Patrick Andries | 4 Jan 04:50 2011
Picon

Applying for a common Moroccan Amazigh subtag

Hello,

Morocco has been teaching in schools since the early 2000's a convergent 
variant of Amazigh (Berber) using the Tifinagh script. This common 
variant aims to bridge gaps between the Berber variants in the country 
by eliminating what is seen as non essential phonetic variants 
("allophones") in the common script (this applies to some affricates, 
labiovelars and spirants, for some sounds there is simply no sign in the 
Tifinagh taught in schools). As far as grammar and the lexicon is 
concerned, the common variant teaches children that non-local words and 
syntactical features are equally valid but regional forms, enriching 
their vocabulary and syntactical knowledge this way (a bit like Brits 
know that an American truck is just a lorry).

Morocco would like register a new language code to refer to this common 
Amazigh written in Tifinagh. It is not satisfied with «ber» (for Berber 
languages, which is a collection of languages).

This being my first attempt to help registering a language subtag, I'm 
seeking some advice before applying for such a subtag.

I'm thinking at this stage to propose:

Type: language
Subtag: mac
Description: Moroccan Common Amazigh
Suppress-Script: Tfng

As references, one could mention various schoolbooks and grammars:

(Continue reading)

John Cowan | 4 Jan 05:48 2011

Re: Applying for a common Moroccan Amazigh subtag

Patrick Andries scripsit:

> Morocco has been teaching in schools since the early 2000's a convergent  
> variant of Amazigh (Berber) using the Tifinagh script. This common  
> variant aims to bridge gaps between the Berber variants in the country  
> by eliminating what is seen as non essential phonetic variants  
> ("allophones") in the common script (this applies to some affricates,  
> labiovelars and spirants, for some sounds there is simply no sign in the  
> Tifinagh taught in schools). As far as grammar and the lexicon is  
> concerned, the common variant teaches children that non-local words and  
> syntactical features are equally valid but regional forms, enriching  
> their vocabulary and syntactical knowledge this way (a bit like Brits  
> know that an American truck is just a lorry).

Well then, what we have here is a classic macrolanguage encompassing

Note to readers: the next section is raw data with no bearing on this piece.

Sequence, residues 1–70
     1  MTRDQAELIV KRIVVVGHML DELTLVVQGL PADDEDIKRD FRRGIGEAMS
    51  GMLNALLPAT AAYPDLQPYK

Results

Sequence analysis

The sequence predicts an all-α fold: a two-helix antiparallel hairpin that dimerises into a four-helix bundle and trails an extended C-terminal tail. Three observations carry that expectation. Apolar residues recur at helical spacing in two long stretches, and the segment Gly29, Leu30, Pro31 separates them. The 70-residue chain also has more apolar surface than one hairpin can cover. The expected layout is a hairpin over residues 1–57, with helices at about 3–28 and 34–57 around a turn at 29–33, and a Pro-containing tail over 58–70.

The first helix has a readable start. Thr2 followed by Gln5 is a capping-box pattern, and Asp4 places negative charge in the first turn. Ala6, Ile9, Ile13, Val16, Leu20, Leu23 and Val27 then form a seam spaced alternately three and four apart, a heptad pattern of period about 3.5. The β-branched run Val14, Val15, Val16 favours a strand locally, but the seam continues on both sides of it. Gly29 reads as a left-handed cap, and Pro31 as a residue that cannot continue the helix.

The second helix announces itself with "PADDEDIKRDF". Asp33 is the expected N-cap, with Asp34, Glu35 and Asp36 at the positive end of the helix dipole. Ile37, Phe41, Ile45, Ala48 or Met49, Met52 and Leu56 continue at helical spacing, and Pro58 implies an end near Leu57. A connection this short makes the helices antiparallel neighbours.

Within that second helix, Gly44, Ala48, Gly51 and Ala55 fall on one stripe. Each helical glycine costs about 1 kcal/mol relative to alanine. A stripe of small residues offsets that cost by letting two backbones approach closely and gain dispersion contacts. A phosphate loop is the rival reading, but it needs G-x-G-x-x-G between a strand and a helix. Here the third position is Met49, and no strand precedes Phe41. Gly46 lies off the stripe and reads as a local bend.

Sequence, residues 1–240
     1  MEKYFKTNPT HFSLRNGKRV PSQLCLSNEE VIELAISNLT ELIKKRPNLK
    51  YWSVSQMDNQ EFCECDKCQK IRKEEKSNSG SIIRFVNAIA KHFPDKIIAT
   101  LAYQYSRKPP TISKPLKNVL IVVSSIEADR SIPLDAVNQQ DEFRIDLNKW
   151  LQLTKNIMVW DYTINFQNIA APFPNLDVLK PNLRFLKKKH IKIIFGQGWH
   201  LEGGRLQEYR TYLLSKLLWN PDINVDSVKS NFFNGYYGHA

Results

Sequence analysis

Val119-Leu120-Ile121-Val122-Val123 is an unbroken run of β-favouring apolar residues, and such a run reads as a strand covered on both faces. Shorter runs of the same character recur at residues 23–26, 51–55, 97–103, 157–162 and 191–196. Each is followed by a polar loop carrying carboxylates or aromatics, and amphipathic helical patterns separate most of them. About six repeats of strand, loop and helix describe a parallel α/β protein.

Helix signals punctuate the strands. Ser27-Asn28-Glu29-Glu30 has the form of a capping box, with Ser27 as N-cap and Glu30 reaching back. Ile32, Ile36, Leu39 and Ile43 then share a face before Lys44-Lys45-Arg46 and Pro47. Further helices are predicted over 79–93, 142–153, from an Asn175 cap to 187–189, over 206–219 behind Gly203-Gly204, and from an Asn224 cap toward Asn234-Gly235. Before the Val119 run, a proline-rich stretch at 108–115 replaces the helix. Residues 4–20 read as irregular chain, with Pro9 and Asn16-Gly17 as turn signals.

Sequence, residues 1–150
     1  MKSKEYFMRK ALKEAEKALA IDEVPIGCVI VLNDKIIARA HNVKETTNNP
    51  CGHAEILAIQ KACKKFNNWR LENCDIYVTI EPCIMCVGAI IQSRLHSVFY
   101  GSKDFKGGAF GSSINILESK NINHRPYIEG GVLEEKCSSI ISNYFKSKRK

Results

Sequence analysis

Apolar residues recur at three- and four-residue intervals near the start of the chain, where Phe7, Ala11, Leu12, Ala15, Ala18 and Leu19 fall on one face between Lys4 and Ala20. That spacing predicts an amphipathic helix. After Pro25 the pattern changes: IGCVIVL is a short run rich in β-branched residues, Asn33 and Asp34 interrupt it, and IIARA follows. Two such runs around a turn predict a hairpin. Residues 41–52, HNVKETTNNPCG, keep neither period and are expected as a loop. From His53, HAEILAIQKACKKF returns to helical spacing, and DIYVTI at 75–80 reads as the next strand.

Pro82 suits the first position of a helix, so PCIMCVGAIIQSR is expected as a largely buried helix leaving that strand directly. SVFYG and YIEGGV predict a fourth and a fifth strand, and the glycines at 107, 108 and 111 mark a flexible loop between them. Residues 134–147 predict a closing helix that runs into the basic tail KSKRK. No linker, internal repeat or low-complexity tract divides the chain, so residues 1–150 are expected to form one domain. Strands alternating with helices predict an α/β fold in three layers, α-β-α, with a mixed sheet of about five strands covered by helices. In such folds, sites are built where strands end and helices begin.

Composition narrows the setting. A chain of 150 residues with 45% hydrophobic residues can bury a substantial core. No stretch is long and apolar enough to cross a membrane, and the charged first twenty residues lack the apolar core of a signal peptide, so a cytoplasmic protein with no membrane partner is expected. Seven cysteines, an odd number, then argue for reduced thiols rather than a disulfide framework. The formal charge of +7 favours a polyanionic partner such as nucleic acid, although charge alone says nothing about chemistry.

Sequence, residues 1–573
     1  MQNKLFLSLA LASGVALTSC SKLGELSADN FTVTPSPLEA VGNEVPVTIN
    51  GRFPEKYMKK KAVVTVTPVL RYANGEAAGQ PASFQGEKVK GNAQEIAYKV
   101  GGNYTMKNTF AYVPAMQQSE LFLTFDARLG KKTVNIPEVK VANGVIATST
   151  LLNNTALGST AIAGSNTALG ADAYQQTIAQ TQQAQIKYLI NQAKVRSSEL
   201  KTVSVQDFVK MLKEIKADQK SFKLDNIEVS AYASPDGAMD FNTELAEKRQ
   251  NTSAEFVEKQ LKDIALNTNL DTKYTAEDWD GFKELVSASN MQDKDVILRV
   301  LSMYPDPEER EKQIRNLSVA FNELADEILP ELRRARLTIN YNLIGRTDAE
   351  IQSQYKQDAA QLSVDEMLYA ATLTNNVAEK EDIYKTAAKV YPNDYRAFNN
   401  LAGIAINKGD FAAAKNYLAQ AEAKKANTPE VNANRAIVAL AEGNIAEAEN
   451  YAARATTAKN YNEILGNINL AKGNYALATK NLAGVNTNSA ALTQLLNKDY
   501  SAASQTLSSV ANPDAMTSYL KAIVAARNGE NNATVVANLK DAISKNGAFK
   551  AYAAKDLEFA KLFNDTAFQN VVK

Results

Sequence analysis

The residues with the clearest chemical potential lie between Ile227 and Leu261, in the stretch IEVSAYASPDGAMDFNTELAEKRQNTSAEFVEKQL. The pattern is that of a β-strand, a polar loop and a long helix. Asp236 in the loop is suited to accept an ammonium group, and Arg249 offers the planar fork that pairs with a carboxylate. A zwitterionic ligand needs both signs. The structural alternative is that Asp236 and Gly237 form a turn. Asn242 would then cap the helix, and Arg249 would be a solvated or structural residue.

some or all of Tachelhit (shi), Central Atlas Tamazight (tzm), and
Tarifit (rif), spoken in the south central, southeast, and northeast
parts of the country, respectively.  So what's needed is to apply
to ISO 639-3/RA for a new macrolanguage tag.  The normal deadline is
September 1 of each year, but the process is backlogged this year, so
try applying now (subject to the caveat below), following the directions
at http://sil.org/iso639-3/submit_changes.asp .  At worst they'll sit
on it till the end of the year and issue it in the spring of 2012.

You do need to make sure exactly which languages are to be encompassed by
the new macrolanguage, however.  Based on the few newspaper articles (in
English) that I read, it includes at least those three, but possibly more.

> Type: language
> Subtag: mac
(Continue reading)

Patrick Andries | 4 Jan 06:11 2011
Picon

Re: Applying for a common Moroccan Amazigh subtag

Le 03/01/11 23:48, John Cowan a écrit :
>> Type: language
>> Subtag: mac
>> Description: Moroccan Common Amazigh
>> Suppress-Script: Tfng
> 'mac' means Macedonian,
[PA] It is indeed in ISO 639-2/B, I simply looked in the IANA language 
subtag registry. Forgot that some values not listed may not be registered.
> so it's not available.  'zgh' would work.

[PA] Okay, I see the idea : (ama)z(i)gh. Could be sold I suppose.

Everybody agrees it is "macrolanguage" and ISO 639-3 is the way? How 
about the time frame?

P. A.
Stephane Bortzmeyer | 4 Jan 15:16 2011
Picon

Re: Applying for a common Moroccan Amazigh subtag

On Tue, Jan 04, 2011 at 12:11:26AM -0500,
 Patrick Andries <patrick <at> hapax.qc.ca> wrote 
 a message of 24 lines which said:

> Everybody agrees it is "macrolanguage"

I have a doubt here. From your description, it really seemed it was a